In 2010, Jeremy Brosowsky was braving Washington D.C.’s “snowmageddon,” thinking his dream of developing rooftop farms for lower-income communities was gone.
“It turns out building owners don’t like to talk about putting half a foot of soil on their roofs when those same roofs are already covered in three-plus feet of snow,” Brosowsky writes on his website.
Within 24 hours of feeling hopeless during the storm, the eco-activist thought up a new idea: Have compostables? Time to call a cab!
Today, over 200 Washington D.C. businesses, homes and schools have requested Brosowsky drop by in his Compost Cab, a mobile waste pickup that delivers to nearby farms for composting. Compost Cab provides the bin and come collection time, drops by in its yellow-painted trucks for regularly scheduled pickups or one-off special events to haul away discarded fruit and vegetable scraps.
“We asked ourselves: ‘What would a composting solution have to look like for us to participate?’ It needed to be leak-proof, rat-proof, and odor-free,” the company says on its website. “It needed to be nearly effortless, as simple and intuitive as taking out the trash. It needed to be useful – we wanted the compost for our garden. And it needed to be reasonably priced, without a significant up-front cost. We went from there, and developed a service that makes it easy to be green.”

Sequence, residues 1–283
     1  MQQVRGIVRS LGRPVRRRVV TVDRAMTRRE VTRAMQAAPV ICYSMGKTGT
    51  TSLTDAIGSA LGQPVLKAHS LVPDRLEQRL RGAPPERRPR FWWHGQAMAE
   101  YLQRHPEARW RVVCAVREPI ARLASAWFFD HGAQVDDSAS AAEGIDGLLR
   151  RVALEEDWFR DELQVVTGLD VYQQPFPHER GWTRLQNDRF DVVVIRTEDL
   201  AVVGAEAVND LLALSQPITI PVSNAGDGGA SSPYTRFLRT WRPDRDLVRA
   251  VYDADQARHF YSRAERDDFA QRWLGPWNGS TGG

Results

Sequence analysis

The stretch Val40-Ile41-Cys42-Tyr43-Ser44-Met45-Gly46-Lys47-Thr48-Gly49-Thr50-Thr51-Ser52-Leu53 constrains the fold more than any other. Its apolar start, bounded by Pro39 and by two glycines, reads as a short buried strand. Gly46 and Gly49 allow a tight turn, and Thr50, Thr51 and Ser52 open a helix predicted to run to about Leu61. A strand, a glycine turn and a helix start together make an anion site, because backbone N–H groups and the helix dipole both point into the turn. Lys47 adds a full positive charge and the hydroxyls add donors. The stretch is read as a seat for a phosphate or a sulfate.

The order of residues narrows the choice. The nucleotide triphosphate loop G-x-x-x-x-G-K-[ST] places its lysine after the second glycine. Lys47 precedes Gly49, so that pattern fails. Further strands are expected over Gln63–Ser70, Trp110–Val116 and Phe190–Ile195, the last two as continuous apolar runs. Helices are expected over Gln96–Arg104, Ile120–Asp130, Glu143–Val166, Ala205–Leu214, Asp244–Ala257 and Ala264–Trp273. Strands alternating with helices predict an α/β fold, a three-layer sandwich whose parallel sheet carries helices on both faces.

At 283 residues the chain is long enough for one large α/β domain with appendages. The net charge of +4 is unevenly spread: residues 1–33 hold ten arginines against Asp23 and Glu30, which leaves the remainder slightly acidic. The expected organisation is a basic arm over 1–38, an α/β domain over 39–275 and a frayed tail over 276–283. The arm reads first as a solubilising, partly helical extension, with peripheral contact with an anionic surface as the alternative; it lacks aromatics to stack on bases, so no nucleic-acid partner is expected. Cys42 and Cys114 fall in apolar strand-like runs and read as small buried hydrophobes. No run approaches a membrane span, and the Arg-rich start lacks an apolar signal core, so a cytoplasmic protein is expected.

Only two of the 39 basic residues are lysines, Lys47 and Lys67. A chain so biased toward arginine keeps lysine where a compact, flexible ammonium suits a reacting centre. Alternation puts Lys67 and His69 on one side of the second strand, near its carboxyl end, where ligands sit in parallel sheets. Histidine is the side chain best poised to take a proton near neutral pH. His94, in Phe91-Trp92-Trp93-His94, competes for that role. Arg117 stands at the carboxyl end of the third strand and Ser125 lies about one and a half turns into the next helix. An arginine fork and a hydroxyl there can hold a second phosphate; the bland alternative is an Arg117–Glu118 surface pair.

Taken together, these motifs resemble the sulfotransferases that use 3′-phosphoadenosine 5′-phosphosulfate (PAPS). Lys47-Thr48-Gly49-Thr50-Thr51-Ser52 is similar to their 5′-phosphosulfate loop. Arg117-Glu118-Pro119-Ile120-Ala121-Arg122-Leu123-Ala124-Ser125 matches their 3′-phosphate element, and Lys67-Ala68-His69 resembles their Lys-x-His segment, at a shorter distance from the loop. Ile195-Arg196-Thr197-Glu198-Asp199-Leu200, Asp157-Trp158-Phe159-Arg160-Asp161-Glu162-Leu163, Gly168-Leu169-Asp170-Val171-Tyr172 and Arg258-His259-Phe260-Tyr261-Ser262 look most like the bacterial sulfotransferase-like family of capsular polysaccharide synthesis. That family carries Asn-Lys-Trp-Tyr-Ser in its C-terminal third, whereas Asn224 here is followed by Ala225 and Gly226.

The hope is to cut down on the organic waste that winds up in landfills, releasing methane, the powerful greenhouse gas, into the atmosphere in bulk. Instead of creating greenhouse gases, the Compost Cab uses organic food scraps to create more food, feeding families rather than poisoning them, Brosowsky writes.
Home pickup starts at $8 a week per bin and is only available in the Washington D.C. area. Other compost pickups exist in large metropolitan areas, including Urban Worm Girl in Chicago, AZ Valley in Phoenix and NYCompost in New York.